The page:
New Mazda racecars will challenge stereotypes of diesels
If you're like me, you don't pay much attention to auto racing. But Mazda's latest initiative is a reason to pay attention. The company's entries to the 2014 TUDOR United SportsCar Championship include two racecars featuring modified versions of Mazda's production-grade diesel engine, according to a Nov. 14 announcement.
Despite a growing number of diesels available in the U.S. market, this type of engine retains a niche status. In part, many consumers are turned off by unfair images of clattering old European cars or smoke-belching trucks. Other more valid concerns include a higher purchase price, higher fuel costs and comparatively skimpy availability of diesel fuel.
But as Mazda prepares to bring a diesel version of the Mazda6 midsize sedan to the U.S. in spring 2014, the engine's racing abilities could be an invaluable selling point to the company's traditionally sportiness-minded customer base. Even among their proponents, modern diesels are better known for their fuel efficiency than their performance; the typical Mazda buyer will expect both.
The Mazda6 engine's specs haven't been finalized for the U.S. market, but in Europe -- where diesels are the norm -- the engine is good for 173 horsepower and 310 lb-ft of torque. Modern diesels' low-end torque means performance is strong off the line, and the Mazda6 has it in spades. The only competing diesel midsize sedan in the U.S. market -- the Volkswagen Passat TDI -- has 140 horsepower and 236 lb-ft of torque.
"Shove is available right off idle, and the diesel pulls strongly to its redline," Car and Driver magazine wrote in a glowing review of a European-spec Mazda6 diesel. "Only in the quietest moments are strains of clatter or injector tick audible; at speed on the highway, the diesel is indistinguishable from its petrol-swilling sibling."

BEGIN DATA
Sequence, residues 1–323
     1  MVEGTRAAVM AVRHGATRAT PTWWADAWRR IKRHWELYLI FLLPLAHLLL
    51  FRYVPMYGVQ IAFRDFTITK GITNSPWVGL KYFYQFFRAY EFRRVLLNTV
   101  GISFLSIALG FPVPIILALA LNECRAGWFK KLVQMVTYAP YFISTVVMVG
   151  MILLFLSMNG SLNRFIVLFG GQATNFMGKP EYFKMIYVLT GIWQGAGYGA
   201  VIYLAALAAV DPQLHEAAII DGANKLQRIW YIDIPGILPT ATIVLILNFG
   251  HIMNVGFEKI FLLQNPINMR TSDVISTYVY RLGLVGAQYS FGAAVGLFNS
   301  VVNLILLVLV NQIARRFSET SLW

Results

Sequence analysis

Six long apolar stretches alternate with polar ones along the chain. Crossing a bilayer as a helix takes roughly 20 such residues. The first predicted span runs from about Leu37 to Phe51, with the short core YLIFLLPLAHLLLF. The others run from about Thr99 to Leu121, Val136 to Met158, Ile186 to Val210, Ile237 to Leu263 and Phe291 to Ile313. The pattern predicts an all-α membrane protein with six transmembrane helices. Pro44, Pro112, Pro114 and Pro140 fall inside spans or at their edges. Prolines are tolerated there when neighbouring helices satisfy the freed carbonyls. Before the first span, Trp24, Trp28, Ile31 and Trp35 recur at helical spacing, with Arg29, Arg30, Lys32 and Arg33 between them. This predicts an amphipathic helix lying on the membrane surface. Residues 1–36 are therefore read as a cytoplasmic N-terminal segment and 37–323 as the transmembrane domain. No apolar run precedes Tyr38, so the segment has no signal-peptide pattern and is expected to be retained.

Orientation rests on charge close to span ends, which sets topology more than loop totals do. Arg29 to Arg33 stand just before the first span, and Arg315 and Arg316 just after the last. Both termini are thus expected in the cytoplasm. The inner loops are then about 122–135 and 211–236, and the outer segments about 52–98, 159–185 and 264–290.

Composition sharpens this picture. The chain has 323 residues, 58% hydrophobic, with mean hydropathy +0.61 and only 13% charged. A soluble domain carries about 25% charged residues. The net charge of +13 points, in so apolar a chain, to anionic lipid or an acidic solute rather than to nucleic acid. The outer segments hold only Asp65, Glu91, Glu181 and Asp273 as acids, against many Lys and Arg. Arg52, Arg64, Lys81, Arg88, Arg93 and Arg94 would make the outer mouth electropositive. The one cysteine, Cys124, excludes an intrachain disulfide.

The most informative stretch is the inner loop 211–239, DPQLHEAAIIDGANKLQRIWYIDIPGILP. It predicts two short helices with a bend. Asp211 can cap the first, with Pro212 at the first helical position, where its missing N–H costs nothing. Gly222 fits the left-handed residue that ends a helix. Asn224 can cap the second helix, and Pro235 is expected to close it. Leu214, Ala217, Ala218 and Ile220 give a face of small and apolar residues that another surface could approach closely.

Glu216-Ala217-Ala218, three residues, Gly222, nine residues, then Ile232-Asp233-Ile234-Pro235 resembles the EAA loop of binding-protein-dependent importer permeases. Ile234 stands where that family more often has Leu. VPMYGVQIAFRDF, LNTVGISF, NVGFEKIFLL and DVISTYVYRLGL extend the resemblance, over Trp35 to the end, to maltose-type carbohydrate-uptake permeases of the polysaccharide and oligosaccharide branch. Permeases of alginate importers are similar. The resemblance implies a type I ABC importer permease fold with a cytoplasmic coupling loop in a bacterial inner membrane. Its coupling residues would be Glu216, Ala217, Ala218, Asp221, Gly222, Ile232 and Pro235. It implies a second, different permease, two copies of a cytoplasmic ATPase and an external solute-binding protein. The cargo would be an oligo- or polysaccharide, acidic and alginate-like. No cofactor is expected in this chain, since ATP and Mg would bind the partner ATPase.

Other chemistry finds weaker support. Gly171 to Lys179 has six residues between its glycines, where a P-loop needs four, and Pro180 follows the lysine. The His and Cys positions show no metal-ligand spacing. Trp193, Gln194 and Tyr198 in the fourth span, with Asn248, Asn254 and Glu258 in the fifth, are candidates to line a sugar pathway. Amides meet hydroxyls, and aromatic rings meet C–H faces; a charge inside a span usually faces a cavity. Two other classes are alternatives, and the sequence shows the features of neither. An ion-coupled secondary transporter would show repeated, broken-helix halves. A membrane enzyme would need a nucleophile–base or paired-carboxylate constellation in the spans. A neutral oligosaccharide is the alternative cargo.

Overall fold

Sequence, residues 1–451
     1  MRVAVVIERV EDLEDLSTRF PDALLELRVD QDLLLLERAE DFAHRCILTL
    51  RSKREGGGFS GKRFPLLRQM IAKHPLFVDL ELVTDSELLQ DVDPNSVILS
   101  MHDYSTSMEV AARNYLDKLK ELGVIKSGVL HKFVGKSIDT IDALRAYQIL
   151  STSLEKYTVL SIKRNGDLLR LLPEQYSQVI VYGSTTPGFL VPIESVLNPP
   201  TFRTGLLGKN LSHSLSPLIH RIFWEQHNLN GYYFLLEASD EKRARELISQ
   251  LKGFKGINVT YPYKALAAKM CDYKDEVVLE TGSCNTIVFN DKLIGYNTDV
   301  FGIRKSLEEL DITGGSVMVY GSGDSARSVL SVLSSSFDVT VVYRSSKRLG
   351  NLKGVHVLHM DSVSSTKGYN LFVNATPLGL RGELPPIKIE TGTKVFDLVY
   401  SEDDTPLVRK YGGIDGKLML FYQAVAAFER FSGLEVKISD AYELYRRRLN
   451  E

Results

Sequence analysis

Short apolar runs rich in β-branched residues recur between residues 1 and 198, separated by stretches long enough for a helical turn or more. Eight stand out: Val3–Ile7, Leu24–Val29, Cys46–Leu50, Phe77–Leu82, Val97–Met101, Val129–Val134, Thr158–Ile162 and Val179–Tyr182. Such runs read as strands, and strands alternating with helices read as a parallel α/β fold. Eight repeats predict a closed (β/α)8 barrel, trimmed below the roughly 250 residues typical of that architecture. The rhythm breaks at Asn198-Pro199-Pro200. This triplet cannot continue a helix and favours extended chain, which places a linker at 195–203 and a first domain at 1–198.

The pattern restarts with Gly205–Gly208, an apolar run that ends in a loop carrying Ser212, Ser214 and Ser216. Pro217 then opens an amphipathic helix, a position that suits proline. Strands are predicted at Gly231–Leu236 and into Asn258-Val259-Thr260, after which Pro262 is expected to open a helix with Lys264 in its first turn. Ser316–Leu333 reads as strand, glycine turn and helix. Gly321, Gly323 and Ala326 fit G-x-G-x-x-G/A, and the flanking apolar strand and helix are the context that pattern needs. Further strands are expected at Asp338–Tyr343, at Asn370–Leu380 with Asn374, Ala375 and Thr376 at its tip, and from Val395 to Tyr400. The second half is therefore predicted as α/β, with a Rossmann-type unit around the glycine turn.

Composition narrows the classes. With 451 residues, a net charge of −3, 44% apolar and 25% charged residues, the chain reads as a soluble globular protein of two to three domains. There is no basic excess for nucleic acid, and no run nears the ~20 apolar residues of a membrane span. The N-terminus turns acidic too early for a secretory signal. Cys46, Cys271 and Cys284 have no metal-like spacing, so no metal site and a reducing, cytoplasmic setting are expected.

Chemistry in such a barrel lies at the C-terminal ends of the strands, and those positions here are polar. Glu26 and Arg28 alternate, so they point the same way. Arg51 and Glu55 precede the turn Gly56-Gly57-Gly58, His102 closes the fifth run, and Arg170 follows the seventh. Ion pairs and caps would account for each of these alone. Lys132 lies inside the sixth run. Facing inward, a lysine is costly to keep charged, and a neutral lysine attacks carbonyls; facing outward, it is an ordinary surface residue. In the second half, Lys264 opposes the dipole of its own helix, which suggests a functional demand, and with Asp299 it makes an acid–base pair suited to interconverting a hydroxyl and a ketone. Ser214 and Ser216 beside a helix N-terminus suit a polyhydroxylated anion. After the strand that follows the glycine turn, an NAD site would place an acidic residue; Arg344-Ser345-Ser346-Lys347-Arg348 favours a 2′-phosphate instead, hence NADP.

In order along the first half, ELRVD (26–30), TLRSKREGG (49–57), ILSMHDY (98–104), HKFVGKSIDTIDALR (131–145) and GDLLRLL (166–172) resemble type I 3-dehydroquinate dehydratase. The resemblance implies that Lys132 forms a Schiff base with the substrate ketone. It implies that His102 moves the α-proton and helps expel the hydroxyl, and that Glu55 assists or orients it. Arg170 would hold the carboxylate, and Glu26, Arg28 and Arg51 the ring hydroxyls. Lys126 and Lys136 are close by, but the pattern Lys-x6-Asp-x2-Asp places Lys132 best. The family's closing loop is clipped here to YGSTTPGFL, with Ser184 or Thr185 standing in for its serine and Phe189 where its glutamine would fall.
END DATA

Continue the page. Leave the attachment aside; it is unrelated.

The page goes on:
Fuel economy estimates are unavailable because European tests are not comparable to those in the U.S., but diesels typically provide a substantial improvement over cars running on regular unleaded.
Existing diesels have also developed a reputation for longevity, which Mazda will also -- hopefully -- help to demonstrate with its racecars. The "SKYACTIV-D Prototype Racers" do have modified engines for racing duty, but Mazda says they are 51 percent stock by parts count and 63 percent stock by weight. "Mazda chose this path as it is the most honest way to demonstrate the performance, quality, durability, and reliability of Mazda powerplants," a company press release states.
How well American buyers respond to the diesel Mazda6 will remain to be seen. But Mazda has said that a success would mean broader diesel availability across the vehicle line -- most likely meaning the Mazda3 compact car and CX-5 compact crossover, which are already sold around the world with diesel engines.
Demonstrating the engine's ability on a racetrack is a great way to boost the reputation of diesels in general and Mazda's diesels in particular.
The SKYACTIV-D Prototype Racers will debut Jan. 3-5 in an event previewing the Rolex 24 at Daytona race. That race will be held Jan. 25-26. No competitor is expected to field a diesel.